My maternal grandmother, Jesusita inspired this blog and the Muy Bueno cookbook. She was an amazing person, a fantastic cook, and honestly a saint. She opened her heart and home to many and my memories of her will always live in my heart.

My grandma passed away in 2004, two days after her 98th birthday. I’ll never forget that phone call from my mom. I felt as-if my heart had been pulled out of my chest; I felt a part of me missing. I immediately made flight arrangements to fly to El Paso to attend her funeral.

The day of the rosario (viewing) was actually beautiful and joyous. It was like a family reunion seeing so many of my cousins that I hadn’t seen in years. For a moment I forgot that my grandma had passed away and it felt like the good ol’ days. Then it was time to walk up to see my grandma in her casket. I saw her lying there so peaceful; she looked rested, and even had a little smile. And I broke down crying like I had never cried before. It was an embarrassing loud cry that I couldn’t control. I couldn’t breath and I felt as if I was going to faint. I didn’t want to say goodbye to her. I wanted her in my life forever.


For years the crying didn’t stop. Sometimes I would be in the shower and I would just start to cry. Or I’d have dreams about her and wake up crying. As the saying goes…Time heals all wounds. I still miss my grandma very much, but I know she is in a better place. Now when I think of her I try not to cry, but instead I smile and remember all the wonderful memories I have of her.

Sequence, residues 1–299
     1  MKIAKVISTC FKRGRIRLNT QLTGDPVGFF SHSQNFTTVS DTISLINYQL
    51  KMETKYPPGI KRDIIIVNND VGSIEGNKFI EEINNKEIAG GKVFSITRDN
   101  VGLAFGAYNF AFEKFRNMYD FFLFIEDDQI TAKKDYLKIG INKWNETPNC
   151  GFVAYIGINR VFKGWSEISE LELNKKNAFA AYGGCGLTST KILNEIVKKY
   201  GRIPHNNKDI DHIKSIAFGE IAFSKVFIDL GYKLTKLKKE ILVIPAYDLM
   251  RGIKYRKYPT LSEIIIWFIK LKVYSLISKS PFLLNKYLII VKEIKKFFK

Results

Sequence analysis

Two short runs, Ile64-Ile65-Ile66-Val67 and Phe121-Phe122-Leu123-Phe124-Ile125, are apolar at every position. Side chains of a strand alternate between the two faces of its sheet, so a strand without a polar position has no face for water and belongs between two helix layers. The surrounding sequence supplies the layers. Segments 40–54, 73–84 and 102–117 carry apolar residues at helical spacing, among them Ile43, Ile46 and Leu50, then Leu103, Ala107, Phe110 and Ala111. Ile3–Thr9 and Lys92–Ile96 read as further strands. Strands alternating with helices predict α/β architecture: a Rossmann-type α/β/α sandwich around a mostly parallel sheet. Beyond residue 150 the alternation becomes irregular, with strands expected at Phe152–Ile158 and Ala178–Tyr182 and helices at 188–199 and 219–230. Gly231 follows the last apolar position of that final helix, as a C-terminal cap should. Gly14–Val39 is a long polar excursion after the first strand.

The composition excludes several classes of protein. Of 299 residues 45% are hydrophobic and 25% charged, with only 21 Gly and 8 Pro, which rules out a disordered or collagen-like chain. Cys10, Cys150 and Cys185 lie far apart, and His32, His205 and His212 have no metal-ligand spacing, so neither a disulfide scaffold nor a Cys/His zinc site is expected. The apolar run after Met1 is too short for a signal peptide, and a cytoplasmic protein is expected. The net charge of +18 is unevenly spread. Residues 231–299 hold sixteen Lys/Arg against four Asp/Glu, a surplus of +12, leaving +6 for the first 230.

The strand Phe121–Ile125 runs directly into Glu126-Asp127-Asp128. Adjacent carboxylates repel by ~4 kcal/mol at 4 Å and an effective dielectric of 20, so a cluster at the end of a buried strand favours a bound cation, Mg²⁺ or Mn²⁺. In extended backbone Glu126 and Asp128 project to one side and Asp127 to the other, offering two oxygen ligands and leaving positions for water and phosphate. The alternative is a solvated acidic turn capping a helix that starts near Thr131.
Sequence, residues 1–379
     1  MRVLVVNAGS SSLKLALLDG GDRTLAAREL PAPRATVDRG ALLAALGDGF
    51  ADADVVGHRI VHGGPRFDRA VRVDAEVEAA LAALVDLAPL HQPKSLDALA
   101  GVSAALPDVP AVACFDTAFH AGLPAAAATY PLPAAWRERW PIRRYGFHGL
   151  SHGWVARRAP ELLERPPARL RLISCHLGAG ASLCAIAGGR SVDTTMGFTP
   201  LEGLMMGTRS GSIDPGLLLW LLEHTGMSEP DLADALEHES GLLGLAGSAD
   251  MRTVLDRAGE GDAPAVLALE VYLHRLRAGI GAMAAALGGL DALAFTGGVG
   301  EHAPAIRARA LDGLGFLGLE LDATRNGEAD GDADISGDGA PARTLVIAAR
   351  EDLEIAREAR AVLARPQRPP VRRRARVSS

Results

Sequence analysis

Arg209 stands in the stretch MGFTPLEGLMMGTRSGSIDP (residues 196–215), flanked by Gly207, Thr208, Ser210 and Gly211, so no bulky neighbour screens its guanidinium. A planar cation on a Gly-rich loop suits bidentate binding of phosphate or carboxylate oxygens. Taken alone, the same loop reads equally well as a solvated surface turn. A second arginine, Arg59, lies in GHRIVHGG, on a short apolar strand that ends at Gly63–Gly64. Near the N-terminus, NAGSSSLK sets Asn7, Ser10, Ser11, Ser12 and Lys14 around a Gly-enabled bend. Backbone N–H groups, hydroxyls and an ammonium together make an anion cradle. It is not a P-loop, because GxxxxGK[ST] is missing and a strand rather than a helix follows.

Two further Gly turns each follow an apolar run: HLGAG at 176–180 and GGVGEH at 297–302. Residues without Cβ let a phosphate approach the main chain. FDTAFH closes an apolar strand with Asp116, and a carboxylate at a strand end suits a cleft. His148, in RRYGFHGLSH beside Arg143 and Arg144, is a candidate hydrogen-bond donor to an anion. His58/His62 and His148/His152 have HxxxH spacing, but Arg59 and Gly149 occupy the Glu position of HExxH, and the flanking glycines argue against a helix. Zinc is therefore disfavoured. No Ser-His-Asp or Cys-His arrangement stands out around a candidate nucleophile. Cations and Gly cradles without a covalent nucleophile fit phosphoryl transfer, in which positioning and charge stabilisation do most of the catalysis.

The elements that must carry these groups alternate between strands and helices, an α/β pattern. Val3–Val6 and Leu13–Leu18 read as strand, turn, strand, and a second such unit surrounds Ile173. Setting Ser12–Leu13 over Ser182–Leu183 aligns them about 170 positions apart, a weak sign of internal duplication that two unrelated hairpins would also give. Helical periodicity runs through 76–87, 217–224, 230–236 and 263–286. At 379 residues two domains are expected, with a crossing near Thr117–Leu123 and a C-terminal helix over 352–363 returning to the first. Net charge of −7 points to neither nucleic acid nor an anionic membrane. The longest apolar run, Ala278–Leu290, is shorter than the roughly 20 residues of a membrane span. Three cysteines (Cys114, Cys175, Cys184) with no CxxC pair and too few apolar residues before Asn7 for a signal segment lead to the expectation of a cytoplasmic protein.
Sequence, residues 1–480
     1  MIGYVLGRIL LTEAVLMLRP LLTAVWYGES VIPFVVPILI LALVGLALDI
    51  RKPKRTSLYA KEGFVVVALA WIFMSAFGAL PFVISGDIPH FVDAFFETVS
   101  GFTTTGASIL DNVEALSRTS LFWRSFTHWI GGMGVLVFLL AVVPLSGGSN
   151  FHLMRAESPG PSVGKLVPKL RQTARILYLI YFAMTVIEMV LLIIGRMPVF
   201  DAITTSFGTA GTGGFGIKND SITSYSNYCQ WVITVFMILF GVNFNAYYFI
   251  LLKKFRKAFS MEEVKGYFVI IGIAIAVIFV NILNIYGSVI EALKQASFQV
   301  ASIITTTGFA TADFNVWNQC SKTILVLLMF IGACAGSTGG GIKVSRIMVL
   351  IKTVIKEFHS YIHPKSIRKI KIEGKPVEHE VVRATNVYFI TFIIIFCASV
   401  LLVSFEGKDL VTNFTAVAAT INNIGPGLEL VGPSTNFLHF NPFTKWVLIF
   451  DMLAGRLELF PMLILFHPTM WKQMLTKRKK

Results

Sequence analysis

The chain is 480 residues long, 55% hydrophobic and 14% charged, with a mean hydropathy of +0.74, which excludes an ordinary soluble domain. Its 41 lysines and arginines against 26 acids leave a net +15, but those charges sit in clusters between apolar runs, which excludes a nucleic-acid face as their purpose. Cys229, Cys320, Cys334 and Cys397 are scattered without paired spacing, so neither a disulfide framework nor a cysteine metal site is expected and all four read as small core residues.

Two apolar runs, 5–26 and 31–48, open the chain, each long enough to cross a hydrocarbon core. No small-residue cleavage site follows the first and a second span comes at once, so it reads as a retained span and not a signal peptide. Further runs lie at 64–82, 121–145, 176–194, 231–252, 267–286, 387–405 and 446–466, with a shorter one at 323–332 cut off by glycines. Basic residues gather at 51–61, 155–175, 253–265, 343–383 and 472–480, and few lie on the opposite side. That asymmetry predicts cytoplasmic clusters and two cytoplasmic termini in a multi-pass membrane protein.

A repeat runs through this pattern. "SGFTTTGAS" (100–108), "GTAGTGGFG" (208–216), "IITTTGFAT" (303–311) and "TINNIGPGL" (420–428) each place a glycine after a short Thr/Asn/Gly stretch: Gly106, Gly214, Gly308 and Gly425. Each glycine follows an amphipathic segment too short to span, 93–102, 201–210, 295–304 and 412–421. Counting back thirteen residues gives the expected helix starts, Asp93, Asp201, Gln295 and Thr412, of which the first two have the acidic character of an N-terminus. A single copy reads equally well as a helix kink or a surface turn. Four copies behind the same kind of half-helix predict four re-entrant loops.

Recently my paternal grandmother, Anita passed away. My aunt Gracie called me while I was on a work assignment in New York and when I saw her phone number appear on my phone I knew. I was scared to answer, and sure enough she told me the news and I couldn’t talk, I couldn’t breathe — I was heartbroken.

My sister was with me when I heard the news and was trying to comfort me, but all I could do was cry. I wanted to make arrangements to fly home so badly, but I couldn’t. I had big commitments in New York and I just couldn’t leave. I felt horrible that I couldn’t be there, and till this day it hurts me that I wasn’t able to say goodbye.


I was feeling sad and guilty for days and reached out to my dad. I hadn’t spoken to my father in years. I always wished that we had a closer bond, but unfortunately after my parents divorced, so did we. Now my dad and I are talking again and I’m so happy about that.


My grandmother’s life on earth will never be forgotten. Their photos have a special place of honor in my home and when I see their photos I can’t help but smile and think of all the wonderful memories.

Dia de los Muertos (Day of the Dead) is neither scary nor somber; it is joyous. This year my family and I will be honoring both my loving grandma’s with an altar full of their favorite foods and drinks, their photos, as well as candles and flowers.


Please watch this video my daughter and I made honoring Jesusita and Anita. I hope that it inspires you to make an altar in your home and honor your deceased loved ones.


The Aztecs believed death is not the end, but rather the beginning, and that before death everything is a dream.

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Written by Yvette / Photos by Yvette / MUA Heathyrre Kautz Couture / Video by Pure Cinematography / Champurrado recipe